- Order yourself a small plastic clip on metronome. They are about 3cm square, designed for clipping to music stands and can be set to beep at various rates. They cost less than £10 and can be bought from Amazon.
- Get your stopwatch and set it to bleep after counting down for one minute. Run this minute in the middle of a run and at your normal pace. As you do so count how many strides you take.
- Now you know your current stride rate and you know that you should be running at 180 so you need to close the gap.
- Set your metronome to a few bpm higher than your current rate and for the next week run to that rate. If you came in at 160 you might set it to 165 etc.
- The week after increase it again and keep doing this until you get to 180.
Monday, 4 July 2011
I can make you run faster...
Lose weight, run intervals, run hills, do tempo runs, do higher mileage. They are probably the five most common pieces of advice on how to speed up your running. They all work too, either because they gradually get you physically and physiologically 'acclimatised' to faster running so you can maintain a faster pace on race day; make it easier for your body to propel you (in the same way that you could throw a cricket ball further than a shot put) or gradually improve your running form so you become more efficient.
Good though they are they are not what I'm advocating today though.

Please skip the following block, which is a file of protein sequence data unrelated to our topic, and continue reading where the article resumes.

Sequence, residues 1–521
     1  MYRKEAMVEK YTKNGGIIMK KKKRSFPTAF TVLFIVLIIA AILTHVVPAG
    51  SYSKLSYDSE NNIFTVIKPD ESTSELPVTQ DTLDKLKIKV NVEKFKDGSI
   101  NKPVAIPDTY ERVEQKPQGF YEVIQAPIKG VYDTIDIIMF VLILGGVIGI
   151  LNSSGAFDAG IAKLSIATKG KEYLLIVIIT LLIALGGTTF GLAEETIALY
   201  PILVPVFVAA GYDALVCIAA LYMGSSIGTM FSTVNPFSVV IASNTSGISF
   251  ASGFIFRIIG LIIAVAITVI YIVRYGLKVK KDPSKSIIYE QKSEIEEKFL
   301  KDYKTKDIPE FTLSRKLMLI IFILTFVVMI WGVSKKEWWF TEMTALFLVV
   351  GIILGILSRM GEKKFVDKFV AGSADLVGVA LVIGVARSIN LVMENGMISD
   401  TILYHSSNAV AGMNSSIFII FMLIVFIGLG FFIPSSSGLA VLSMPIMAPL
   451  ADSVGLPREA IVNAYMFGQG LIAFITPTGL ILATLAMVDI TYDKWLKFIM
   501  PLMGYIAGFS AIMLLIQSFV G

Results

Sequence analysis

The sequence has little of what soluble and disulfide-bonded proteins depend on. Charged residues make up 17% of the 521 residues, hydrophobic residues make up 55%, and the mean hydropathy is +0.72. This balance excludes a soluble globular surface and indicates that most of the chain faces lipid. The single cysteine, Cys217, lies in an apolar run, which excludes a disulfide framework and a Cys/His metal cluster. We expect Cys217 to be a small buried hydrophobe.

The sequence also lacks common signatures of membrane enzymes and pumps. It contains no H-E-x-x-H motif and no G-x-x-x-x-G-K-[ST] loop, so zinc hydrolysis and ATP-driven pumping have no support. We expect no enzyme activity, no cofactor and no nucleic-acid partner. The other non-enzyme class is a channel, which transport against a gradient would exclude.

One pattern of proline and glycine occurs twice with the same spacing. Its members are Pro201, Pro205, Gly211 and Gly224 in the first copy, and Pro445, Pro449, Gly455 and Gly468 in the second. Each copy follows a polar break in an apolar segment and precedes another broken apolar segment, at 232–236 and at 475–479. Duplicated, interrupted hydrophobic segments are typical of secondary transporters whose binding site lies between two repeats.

I'm going to suggest something that is mentioned in almost all running coaching books but that rarely gets more than a few sentences: stride rate, or how many steps you take each minute.
Put simply the speed we run at is a product of stride length and stride rate. Logically, if you increase either of these you run faster.
Maria has recently had some success using Audiofuel downloads. From what I can see they contain music that has set beats per minute in different intervals and that these beats drive differing stride rates, and that the faster stride rates equate to faster intervals.
There are a range of different plans that can be bought from Audiofuel and they look to have cleverly created a market niche for an aural training tool. I am certain that following their plans will deliver some improvement but only from the gradual physiological and psychological benefits that could be gained from any interval training or even doing the odd fartlek session.